Concerns over criminality and the police response to recent hit-and-runs in which two people were injured were raised at a meeting in south Armagh last night (Tuesday).
The meeting in the Pastoral Centre in Jonesborough was organised by Sinn Féin and attended by members of the community and PSNI representatives including District Commander Norman Haslett.
It followed the incident last Tuesday in which a car was driven recklessly through the village, colliding with a van and later a car.
A woman was trapped in her car for 40 minutes and had to be cut free from the wreckage.
She and another person were treated in hospital – they are now recovering at home – and a man was arrested and later released on bail.
Sinn Féin councillor Mickey Larkin said there was “very clear anger in the community” at the police response to the incident, which was made clear at the meeting.
He described the police call-out response time as “ridiculous”, adding that it took officers 45 minutes to arrive on the scene.
He also claimed there were questions in relation to “failings” in the follow-up operation, in terms of gathering evidence, which “police had acknowledged”.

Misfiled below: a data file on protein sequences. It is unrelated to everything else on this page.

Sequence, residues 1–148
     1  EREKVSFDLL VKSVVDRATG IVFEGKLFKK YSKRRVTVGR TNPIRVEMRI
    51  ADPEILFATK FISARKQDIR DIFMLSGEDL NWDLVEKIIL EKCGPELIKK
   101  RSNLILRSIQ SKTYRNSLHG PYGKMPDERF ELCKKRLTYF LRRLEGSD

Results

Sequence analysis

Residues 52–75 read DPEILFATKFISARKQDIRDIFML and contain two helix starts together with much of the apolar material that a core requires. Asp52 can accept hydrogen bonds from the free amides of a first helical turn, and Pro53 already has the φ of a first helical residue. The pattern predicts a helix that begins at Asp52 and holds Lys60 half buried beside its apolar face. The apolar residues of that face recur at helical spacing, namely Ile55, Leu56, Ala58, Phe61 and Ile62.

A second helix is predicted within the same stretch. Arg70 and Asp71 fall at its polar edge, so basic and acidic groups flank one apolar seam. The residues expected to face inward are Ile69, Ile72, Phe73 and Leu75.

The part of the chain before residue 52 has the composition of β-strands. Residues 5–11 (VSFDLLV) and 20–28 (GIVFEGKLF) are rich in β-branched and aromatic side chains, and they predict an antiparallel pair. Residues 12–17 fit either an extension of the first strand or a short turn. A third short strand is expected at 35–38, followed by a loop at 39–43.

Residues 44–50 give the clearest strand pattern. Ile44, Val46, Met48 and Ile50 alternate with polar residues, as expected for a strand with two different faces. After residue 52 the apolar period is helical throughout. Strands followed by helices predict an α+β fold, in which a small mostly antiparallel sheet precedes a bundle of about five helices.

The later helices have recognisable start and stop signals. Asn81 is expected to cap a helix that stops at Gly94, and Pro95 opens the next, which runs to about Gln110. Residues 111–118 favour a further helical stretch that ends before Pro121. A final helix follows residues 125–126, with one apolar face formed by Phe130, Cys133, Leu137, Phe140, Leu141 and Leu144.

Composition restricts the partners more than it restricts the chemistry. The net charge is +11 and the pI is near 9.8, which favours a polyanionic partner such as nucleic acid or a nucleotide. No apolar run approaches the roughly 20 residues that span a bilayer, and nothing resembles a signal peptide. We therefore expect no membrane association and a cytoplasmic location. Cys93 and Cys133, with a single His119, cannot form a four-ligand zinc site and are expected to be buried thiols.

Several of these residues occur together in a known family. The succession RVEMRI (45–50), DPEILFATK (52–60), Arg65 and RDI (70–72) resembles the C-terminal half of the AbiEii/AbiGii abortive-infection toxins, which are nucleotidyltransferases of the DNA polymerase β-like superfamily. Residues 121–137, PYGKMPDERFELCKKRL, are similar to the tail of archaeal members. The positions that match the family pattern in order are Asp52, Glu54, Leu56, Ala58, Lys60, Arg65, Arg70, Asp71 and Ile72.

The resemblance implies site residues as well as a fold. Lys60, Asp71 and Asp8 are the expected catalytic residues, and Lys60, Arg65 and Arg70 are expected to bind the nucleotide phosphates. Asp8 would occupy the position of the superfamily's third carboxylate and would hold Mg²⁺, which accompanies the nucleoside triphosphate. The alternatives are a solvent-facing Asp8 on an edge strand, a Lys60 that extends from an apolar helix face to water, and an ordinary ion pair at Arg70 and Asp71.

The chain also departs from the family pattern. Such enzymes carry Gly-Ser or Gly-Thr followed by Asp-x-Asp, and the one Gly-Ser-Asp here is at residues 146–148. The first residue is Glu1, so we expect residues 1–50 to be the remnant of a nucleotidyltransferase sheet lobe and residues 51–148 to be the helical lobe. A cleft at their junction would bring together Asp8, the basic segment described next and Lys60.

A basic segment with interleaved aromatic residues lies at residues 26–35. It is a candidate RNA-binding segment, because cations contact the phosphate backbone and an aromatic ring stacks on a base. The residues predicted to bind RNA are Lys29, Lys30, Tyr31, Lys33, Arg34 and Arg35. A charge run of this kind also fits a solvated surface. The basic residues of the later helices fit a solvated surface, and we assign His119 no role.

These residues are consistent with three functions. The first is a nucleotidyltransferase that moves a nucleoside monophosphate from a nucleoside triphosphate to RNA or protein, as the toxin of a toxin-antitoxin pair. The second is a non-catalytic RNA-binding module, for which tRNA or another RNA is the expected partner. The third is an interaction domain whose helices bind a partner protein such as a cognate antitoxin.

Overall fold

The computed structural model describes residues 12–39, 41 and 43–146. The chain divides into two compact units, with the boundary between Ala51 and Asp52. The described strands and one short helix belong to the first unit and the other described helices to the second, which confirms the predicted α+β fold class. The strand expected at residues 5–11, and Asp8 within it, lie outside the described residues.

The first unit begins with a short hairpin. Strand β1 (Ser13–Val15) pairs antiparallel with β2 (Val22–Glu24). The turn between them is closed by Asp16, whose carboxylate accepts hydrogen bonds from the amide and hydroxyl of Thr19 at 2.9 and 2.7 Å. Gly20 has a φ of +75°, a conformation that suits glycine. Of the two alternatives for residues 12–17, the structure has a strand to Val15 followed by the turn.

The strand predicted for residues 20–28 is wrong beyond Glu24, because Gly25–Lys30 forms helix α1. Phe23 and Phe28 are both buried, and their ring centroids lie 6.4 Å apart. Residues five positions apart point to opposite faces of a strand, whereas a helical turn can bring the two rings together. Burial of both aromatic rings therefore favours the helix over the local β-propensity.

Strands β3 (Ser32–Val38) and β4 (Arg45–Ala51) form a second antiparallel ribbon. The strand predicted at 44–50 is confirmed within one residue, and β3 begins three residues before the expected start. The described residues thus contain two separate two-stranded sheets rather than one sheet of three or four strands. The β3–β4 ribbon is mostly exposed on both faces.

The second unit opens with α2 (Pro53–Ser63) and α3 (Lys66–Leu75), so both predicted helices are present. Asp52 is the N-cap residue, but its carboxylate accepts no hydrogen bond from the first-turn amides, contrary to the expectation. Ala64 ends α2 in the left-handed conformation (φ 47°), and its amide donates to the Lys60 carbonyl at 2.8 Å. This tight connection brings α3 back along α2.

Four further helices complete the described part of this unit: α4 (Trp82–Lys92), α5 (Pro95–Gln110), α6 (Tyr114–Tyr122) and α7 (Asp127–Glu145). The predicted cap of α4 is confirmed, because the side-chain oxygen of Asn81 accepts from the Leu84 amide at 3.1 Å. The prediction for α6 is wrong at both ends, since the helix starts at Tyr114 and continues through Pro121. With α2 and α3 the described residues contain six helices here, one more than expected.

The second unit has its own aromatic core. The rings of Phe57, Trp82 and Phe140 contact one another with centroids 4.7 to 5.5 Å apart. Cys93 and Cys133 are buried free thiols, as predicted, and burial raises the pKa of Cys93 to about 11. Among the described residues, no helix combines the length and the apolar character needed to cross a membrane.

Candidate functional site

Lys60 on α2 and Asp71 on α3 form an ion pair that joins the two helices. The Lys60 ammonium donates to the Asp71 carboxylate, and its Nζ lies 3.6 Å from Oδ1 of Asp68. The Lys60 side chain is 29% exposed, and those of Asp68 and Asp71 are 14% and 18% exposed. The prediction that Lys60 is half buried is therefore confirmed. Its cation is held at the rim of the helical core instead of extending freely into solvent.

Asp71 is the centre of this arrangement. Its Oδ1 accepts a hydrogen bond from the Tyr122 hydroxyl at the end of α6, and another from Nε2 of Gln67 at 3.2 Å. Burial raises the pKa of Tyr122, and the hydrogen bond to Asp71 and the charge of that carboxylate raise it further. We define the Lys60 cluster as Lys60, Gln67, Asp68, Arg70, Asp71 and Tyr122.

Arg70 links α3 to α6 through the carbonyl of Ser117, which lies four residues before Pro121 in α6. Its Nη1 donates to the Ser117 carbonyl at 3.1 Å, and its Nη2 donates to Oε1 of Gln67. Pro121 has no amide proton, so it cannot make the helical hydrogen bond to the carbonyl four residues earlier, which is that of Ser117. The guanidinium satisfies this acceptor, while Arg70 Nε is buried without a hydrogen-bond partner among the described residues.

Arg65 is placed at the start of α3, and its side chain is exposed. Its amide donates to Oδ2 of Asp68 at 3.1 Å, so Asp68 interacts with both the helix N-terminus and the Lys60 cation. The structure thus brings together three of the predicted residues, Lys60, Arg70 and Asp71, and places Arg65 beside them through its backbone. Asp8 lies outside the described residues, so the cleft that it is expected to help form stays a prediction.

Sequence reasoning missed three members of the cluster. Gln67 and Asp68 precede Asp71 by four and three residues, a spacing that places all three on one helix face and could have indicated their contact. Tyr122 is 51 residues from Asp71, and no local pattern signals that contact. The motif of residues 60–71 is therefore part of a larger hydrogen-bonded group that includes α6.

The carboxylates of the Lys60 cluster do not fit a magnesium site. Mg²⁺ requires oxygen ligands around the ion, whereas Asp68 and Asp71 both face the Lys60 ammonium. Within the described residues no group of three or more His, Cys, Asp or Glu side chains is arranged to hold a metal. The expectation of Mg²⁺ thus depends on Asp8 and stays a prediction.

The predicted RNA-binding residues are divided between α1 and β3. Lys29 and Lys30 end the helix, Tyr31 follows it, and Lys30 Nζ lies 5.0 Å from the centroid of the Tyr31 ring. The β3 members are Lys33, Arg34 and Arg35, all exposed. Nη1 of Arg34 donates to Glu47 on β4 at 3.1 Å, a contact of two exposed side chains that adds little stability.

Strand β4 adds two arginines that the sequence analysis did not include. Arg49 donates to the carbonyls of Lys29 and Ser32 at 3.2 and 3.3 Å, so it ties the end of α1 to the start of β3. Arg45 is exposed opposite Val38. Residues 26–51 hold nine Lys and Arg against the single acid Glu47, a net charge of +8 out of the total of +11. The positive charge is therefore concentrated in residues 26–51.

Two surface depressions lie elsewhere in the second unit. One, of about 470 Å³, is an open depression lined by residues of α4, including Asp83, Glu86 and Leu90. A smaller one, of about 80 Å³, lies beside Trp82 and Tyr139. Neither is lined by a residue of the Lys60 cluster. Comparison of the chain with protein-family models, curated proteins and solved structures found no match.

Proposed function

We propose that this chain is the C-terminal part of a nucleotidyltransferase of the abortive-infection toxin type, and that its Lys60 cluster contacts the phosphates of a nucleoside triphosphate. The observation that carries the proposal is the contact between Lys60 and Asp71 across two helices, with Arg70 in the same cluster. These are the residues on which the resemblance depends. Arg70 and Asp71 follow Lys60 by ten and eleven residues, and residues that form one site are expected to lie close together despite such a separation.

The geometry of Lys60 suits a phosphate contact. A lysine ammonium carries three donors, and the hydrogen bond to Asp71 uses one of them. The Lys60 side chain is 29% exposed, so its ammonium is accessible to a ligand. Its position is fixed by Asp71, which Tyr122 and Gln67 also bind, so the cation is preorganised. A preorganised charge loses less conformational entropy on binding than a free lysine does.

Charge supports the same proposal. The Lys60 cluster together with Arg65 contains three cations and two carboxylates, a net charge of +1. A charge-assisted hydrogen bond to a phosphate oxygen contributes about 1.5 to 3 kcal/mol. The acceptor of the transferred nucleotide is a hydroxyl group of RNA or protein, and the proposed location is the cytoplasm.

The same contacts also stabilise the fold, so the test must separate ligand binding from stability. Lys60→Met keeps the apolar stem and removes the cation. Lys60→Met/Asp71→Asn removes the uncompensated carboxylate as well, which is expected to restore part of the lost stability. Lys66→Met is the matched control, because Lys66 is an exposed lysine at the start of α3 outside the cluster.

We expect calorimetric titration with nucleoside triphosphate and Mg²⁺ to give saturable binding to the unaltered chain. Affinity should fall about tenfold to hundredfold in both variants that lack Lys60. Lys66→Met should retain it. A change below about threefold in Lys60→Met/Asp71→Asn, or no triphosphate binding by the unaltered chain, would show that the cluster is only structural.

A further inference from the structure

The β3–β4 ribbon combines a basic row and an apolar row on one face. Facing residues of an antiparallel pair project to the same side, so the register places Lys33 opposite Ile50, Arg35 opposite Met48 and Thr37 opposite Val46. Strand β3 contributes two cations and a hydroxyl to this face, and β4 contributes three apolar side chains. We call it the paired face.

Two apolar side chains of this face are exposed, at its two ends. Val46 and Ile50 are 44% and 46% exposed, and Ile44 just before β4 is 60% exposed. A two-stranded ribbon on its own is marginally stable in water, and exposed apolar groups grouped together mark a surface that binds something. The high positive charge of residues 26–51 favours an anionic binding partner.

“The views were forthright, and the police have taken them on board,” he said. “The meeting was respectful; there were a lot of hard questions asked but it’s only the start of a process in attempting to solve these issues around criminal gangs and drug dealing.”
He said there had been other incidents over the past two years including vandalism, hit-and-runs, criminal damage and threats, which had caused “fear and anxiety” in the community.
“The residents believe that the individuals involved are part of a serious drug culture that is attempting to creep into our area,” he said.
“South Armagh is a proud area and it is imperative that we stand together against these thugs to stop them from gaining a foothold in our communities.
“The police have assured the community there will be a greater presence on the ground.”
He said the Policing and Community Safety Partnership (PCSP) and Community Restorative Justice (CRJ) were also at the meeting to offer support and had been in contact with community representatives to organise programmes around education on drugs.
The party’s MP for the area, Mickey Brady, said the engagement with police was a “welcome one” and he urged people to pass on any information to the PSNI, adding that Sinn Féin reps are available to help in this process.
Meanwhile, SDLP MLA Justin McNulty has urged the local communities in South Armagh “to unite in constructive opposition to the scourge of drugs”.
‘The feeling on the ground is that this criminal behaviour is flowing from drugs-related activity, with sinister elements steering the movement and distribution of drugs across our area,” he said.
“There is a strong feeling at a local level that authorities have been slow to act, so people have rallied at a grass-roots level through community organisations to stand in opposition to these criminals, and I want to commend that collective community action.”
Armagh I has approached the PSNI for comment following last night’s meeting.